Data center operator Equinix has partnered with Nvidia to launch a fully hosted private cloud service, enabling businesses to quickly build and run their own large-scale artificial intelligence models.
According to the cooperation agreement, Equinix will install and operate privately owned Nvidia infrastructure in a company’s international business exchange data center. Enterprise customers will purchase Nvidia’s systems and pay fees to Equinix, who will operate them on their behalf.
This service has now been commercialized and is based on the Nvidia DGX system, Nvidia network, and Nvidia AI software.
Equinix President and CEO Charles Meyer stated that the company needs to adopt adaptable and scalable hybrid infrastructure in the local market in order to incorporate artificial intelligence supercomputing into data.
He said, “Our new service provides customers with a fast, cost-effective way to adopt advanced artificial intelligence infrastructure operated and managed by global experts. The new service enables customers to operate their artificial intelligence infrastructure near their data.”
The DGX system located within the Equinix data center is connected to the external world through a high-speed dedicated network, and the company also provides high bandwidth interconnection for cloud and enterprise service providers.
With the support of Nvidia partners, the Equinix management service team provided comprehensive training on how to build and operate artificial intelligence systems.
Huang Renxun, founder and CEO of Nvidia, said, “Generative artificial intelligence is changing every industry. Now, companies can have Nvidia’s artificial intelligence supercomputing and software in hundreds of data centers worldwide, combined with the operational efficiency of Equinix management.”
Equinix stated, without disclosing its name, that there are already corporate clients using this new management service, many of whom come from industries such as biopharmaceuticals, financial services, software, automotive, and retail.
These clients are establishing artificial intelligence excellence centers to provide a strategic foundation for large-scale language model (LLM) use cases. These measures include accelerating the time to market of new drugs, developing artificial intelligence co pilot for customer service agents, and building virtual productivity assistants.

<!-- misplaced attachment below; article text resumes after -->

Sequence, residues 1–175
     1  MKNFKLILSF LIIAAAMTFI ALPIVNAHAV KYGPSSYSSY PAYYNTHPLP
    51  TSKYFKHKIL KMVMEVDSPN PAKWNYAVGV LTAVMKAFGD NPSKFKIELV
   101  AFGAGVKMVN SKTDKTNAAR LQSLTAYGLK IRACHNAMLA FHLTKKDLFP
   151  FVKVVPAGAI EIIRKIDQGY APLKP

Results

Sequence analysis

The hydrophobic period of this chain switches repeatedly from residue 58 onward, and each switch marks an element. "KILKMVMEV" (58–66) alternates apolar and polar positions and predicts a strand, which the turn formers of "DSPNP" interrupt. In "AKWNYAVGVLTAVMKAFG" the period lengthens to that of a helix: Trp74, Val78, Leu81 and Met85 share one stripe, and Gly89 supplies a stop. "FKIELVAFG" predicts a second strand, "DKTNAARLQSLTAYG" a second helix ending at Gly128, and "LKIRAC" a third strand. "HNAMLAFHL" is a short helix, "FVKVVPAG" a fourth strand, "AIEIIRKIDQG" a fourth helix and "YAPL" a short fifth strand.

In October of this year, IDC predicted that by 2023, global businesses will spend nearly $16 billion on generative artificial intelligence (genAI) software, infrastructure hardware, and IT services, and will grow to $143 billion by 2027.
This technology research company states that as organizations transition from early experimentation to active construction with target use cases, and then to widespread adoption across business activities, and extend the use of genetic artificial intelligence to the edge, investment in generative artificial intelligence will follow natural development in the coming years.
As Equinix and Nvidia reach a custody AI deal, companies in the Asia Pacific region are showing interest in acquiring their AI computing systems for privacy and security reasons.
Charlie Boyle, Vice President of NVIDIA DGX Systems, said at yesterday’s press conference, “Today, when we talk to corporate clients around the world, one of their primary concerns and ideas about artificial intelligence is being able to have their own models and truly have their own future.”
He added that many companies in the Asia Pacific region are rapidly expanding their use of this technology. But they don’t have internal experts to build their own large-scale language models.
He pointed out that most companies need to be very close to the artificial intelligence processing they are trying to accomplish.
Boyle said, “Artificial intelligence models and AI execution must be very close to data. All these factors combined make customers want to do AI, want fast, secure, and access their data. But often, they either lack data center space or internal expertise to manage all of this.”